I have written before about my use of medical case studies as entry points to inquiry cycles in my Biology class. Although a powerful way of forcing awareness of an information gap on various topics and bringing, "real life" problem solving to the classroom, this process also forces students to confront their fear of public speaking and ability to create a concise, clear, and engaging presentation to their peers.
In the past I leveraged student presentations sparingly. Here and there when it was appropriate to share but nothing that formal. Medical case study diagnosis in Biology has forced me to think about the how I how I train students to give good presentations. I LOVE my students, but man...sometimes sitting through a challenging presentation full of overused animations and bullet points [God forbid Comic Sans] can be painful.
Enter "Death by PowerPoint" by Comedian Don McMillian (see below). I stumbled across Don's incredible comedy sketch accidentally and found myself laughing hysterically! Then it hit me...Don's presentation was the RUBRIC I WAS LOOKING FOR! Simple, clear, and a fun way to share my expectations with students before class presentations in a way that wasn't me yapping at them about what a bad presentation looks like.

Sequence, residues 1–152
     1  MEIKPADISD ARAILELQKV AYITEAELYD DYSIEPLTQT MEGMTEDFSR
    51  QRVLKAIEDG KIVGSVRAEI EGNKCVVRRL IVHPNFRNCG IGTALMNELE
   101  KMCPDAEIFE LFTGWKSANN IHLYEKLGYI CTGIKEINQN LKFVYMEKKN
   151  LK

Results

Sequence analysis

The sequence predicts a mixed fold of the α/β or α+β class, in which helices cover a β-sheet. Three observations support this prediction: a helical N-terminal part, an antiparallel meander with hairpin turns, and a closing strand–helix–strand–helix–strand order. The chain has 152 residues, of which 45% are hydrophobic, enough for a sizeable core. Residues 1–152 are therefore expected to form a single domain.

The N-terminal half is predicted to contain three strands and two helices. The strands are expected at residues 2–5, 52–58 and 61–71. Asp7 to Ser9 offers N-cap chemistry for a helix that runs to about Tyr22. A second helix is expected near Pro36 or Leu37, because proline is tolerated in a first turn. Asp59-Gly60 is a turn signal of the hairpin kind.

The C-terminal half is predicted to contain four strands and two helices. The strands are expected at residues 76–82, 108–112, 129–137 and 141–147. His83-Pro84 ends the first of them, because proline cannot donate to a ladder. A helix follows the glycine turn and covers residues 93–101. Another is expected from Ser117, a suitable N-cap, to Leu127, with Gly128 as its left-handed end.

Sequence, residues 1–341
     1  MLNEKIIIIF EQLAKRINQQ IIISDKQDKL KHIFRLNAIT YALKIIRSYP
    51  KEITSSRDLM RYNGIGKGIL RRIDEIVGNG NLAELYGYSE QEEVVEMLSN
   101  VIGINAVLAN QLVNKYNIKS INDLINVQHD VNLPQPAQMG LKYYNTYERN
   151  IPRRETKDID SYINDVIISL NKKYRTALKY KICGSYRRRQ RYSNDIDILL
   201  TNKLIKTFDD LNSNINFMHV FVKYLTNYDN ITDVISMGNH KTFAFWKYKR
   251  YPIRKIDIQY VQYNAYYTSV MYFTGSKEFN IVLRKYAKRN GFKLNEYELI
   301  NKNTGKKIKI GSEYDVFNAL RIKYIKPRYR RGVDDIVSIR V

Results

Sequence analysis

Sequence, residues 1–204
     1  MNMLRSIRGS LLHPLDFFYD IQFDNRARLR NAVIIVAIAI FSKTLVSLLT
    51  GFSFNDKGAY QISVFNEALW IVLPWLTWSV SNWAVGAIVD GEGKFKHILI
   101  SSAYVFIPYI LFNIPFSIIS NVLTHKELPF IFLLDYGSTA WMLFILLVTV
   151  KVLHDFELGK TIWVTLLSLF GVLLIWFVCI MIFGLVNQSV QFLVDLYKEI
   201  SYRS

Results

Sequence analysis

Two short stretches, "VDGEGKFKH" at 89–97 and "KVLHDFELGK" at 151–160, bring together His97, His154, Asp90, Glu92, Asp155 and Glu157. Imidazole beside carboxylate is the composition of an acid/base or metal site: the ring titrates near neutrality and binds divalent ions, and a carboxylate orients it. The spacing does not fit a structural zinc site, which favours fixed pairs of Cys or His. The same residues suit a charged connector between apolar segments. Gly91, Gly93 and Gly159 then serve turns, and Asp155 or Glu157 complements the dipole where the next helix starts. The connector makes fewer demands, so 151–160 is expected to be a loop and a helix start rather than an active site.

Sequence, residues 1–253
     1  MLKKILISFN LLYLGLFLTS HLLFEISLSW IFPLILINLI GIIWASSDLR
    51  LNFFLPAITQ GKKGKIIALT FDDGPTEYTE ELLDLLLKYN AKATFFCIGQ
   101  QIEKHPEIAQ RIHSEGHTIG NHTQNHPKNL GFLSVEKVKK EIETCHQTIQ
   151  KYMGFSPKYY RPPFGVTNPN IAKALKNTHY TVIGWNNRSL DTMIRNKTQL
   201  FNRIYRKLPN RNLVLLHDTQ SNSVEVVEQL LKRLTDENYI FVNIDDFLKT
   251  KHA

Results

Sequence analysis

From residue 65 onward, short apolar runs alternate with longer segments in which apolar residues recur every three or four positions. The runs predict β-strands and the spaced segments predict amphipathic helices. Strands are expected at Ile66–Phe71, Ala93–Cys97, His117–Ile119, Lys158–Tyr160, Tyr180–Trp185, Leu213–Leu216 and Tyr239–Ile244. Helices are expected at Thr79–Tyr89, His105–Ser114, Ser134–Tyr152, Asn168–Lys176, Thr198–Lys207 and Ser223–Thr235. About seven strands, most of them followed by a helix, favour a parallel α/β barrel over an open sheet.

I took it one step further and converted Don's bit into a "Dead or Alive" scoring Rubric. Click here for your copy!
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Not a new idea at all, but I am always blown away by how productive class is when I assign a writing assignment and spend the class editing and providing feedback to all docs simultaneously. Today I pushed out this template, and groups of students relocated to a myriad of places on campus to complete their formal research article according to the template. I sat at my desk and provided feedback. Super fun. Super simple. Super meaningful. Below is a short video of the process. #embracethemess
The awesome Matt Miller (@jmattmiller) created this sketchnote of a recent presentation I did linking the 5E learning cycle to the Hero's Journey. Thanks Matt!!